Friday, August 13, 2010

Break The Mold Friday

I found an article today that was very intriguing to me as I have met many people in my life who didn't go to the gym because they didn't want to "bulk up".  I'll grant you, a lot of these people were women and as a huge fan of the fairer sex, I realize that you don't want to have big shoulders and rippling biceps.  I sure don't want your arms to be bigger than mine!

When ladies go to the gym, they often hit the treadmills, ellipticals, and do yoga or aerobics to lose weight or increase their stamina and often times to burn off steam with friends.  I have heard stories from men and women alike who hate weight lifting because....."Darn it, those things are heavy!"  People mistakenly believe that if you walk in the door of the gym, you have to grab the heaviest weight in the room for your workout.

This article touches on something that I have known for a long time but it is often ignored by the public because it doesn't fit the "mold" of, "If you want to build muscle you must lift heavy weight for a minimum of reps." (3-5 times)  What if you could build the muscle by using the opposite thought pattern?  Lift a light weight for a high number of reps (20-24 times)  Would you do it?  What if you could tone your body (ladies) or build bigger arms (guys) without the risk of injury to your back, legs, shoulders and more? 

Read this article from WebMD................

Want to Build Muscle? Light Weights Will Do

Straining to Lift Heavy Weights Isn't Necessary to Put on Muscle, Researchers Say

By Bill Hendrick
WebMD Health News                                                                            Reviewed by Laura J. Martin, MD

Aug. 13, 2010 -- Building muscle doesn’t require a lot of heavy lifting, just a lot of light weight lifting, a new study indicates.

Straining to lift very heavy weights isn’t the only way to pump up muscles, say researchers at McMaster University in Hamilton, Ontario. Similar results can be achieved, they say, by lifting light weights a greater number of times.

The secret is simply to pump iron until muscle fatigue sets in, says Stuart Phillips, PhD, associate professor of kinesiology at McMaster.

“Rather than grunting and straining to lift heavy weights, you can grab something much lighter but you have to lift it until you can’t lift it any more,” Phillips says in a news release.

The Study Method

Researchers recruited 15 healthy men with an average age of 21. Each was told to lift light weights and heavy weights with varying repetitions.

The weights represented a percentage of their best or heaviest lift. Heavier weights were set to 90% of a man’s best lift, and light weights at 30%.

Phillips says weights set to 80% to 90% of a person’s best lift required five to 10 repetitions before fatigue set in. At 30%, it took at least 24 lifts before similar fatigue developed.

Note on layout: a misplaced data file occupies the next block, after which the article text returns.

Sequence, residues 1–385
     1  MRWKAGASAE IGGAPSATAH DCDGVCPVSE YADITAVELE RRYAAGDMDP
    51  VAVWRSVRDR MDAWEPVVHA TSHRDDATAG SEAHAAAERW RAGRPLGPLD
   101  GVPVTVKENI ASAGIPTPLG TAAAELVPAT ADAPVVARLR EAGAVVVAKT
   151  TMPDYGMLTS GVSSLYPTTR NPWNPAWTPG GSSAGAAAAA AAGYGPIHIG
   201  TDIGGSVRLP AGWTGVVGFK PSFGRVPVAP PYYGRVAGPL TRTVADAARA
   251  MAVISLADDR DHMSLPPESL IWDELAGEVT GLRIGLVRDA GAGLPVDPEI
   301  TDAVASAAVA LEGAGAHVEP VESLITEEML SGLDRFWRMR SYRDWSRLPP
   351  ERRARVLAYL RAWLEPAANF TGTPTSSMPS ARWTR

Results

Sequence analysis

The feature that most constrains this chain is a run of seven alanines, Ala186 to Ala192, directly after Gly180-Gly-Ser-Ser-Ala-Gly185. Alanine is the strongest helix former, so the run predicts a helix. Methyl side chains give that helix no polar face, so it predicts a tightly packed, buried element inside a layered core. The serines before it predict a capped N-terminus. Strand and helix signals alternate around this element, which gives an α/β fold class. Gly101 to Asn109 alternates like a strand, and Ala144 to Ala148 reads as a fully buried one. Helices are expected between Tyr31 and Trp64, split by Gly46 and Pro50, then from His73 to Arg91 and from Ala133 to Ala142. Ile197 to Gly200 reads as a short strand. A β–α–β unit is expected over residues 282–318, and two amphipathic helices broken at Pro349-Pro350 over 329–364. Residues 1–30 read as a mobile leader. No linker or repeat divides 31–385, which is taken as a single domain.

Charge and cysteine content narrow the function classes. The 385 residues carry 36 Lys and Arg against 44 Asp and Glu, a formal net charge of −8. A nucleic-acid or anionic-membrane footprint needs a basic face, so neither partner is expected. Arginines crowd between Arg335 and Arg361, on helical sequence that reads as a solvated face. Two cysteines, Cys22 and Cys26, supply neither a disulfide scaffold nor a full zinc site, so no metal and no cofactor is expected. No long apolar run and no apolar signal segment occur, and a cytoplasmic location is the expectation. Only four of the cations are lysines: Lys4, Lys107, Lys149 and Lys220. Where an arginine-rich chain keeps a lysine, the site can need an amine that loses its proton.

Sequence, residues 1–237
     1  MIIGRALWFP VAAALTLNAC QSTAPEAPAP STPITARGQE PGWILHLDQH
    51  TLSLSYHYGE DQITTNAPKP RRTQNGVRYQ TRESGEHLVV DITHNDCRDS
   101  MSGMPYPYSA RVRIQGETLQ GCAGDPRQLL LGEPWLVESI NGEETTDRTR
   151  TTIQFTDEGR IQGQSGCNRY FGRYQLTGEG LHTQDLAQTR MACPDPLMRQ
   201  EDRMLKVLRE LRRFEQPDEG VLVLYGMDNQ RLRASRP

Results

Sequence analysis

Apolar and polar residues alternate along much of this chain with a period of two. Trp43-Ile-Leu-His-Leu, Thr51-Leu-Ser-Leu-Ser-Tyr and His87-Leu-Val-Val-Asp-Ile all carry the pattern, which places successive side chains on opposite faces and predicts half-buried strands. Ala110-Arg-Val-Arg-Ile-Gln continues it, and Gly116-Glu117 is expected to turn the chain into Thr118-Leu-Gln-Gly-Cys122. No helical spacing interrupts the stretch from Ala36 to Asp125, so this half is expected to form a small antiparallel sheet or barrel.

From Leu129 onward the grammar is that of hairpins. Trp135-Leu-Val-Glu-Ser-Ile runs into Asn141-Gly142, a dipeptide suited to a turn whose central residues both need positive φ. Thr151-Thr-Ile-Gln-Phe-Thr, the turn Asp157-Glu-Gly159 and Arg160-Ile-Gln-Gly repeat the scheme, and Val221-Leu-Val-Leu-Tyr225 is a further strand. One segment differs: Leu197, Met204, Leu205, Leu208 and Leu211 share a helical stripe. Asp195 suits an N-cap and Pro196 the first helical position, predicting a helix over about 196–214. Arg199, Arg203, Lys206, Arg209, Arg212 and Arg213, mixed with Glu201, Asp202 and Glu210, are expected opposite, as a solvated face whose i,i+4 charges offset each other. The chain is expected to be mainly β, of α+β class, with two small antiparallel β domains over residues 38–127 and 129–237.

The researchers measured fatigue at the cellular level by examining results of muscle biopsies done 4 hours and 24 hours after workouts.

Similar amounts of protein used in muscle building were produced whether volunteers lifted at 90% of their maximums until they ran out of steam and when they lifted only 30% of their best until they could lift no more, the researchers say.

Straining Not Necessary

In short, the authors say, similar muscle mass can be built by using light weights as with heavier ones.

“We’re convinced that growing muscle means stimulating your muscle to make new muscle proteins, a process in the body that over time accumulates into bigger muscles,” Phillips says. “We’re excited to see where this new paradigm will lead.”

What It Means

The research has practical significance, and not just for body builders, because building muscle is important for people with compromised skeletal muscle mass, such as the elderly, cancer patients, or people recovering from trauma, surgery, or even stroke, the researchers conclude.

They didn’t measure actual muscle growth, relying instead for their conclusions on the cellular markers.

But the findings are nevertheless promising and need to be replicated in future research, the authors write.

Nicholas Burd, a PhD student and author of the study, and his colleagues, write that a “high-volume low-load resistance exercise” program may help reduce loss of muscle tissue that occurs as part of the natural aging process.

Lifting Lighter Weights Is Safer

At the same time, lifting lighter weights many times may reduce soft tissue and orthopaedic injury, the study says.

The findings suggest that low-load lifts performed with numerous repetitions or high-load muscle-stretching efforts “will result in similar training-induced” muscle growth, “or even superior gains,” the authors write.

The study is published in the journal PLoS One.
Another subject I will touch on next week is using simple body weight excercises with light cardio to get you in the best shape of your life.  What are your gym stories??  Do you have a membership?  To go or not to go?


Debbi Does Dinner Healthy said...

Excellent tips on weight lifting!! I life 30 lb. 2 year old twins everyday, does that count?? :-)

J L Health 918-836-0565 said...

You bet it does Debbi. You've got a dedicated workout everyday!! Thanks for the comment!